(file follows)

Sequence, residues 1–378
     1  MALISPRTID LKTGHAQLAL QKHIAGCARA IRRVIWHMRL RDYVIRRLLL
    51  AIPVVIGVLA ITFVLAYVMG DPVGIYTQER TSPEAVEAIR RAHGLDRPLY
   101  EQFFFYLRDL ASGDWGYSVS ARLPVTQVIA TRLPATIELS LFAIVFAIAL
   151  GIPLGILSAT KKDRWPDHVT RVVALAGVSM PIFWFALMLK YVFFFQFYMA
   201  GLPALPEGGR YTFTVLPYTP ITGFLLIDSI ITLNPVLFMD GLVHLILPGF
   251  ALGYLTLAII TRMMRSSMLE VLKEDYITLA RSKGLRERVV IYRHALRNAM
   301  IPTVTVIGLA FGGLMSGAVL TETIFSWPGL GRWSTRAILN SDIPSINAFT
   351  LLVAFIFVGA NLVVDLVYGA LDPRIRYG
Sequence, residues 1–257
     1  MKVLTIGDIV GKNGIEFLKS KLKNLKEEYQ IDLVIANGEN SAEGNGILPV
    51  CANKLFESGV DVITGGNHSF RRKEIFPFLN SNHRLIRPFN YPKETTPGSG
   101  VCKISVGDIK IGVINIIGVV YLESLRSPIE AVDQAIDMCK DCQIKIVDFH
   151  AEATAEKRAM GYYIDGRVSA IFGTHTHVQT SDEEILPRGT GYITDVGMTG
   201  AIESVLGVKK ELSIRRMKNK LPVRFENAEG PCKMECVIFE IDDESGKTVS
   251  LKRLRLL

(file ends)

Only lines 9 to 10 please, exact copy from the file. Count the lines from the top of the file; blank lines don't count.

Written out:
   351  LLVAFIFVGA NLVVDLVYGA LDPRIRYG
Sequence, residues 1–257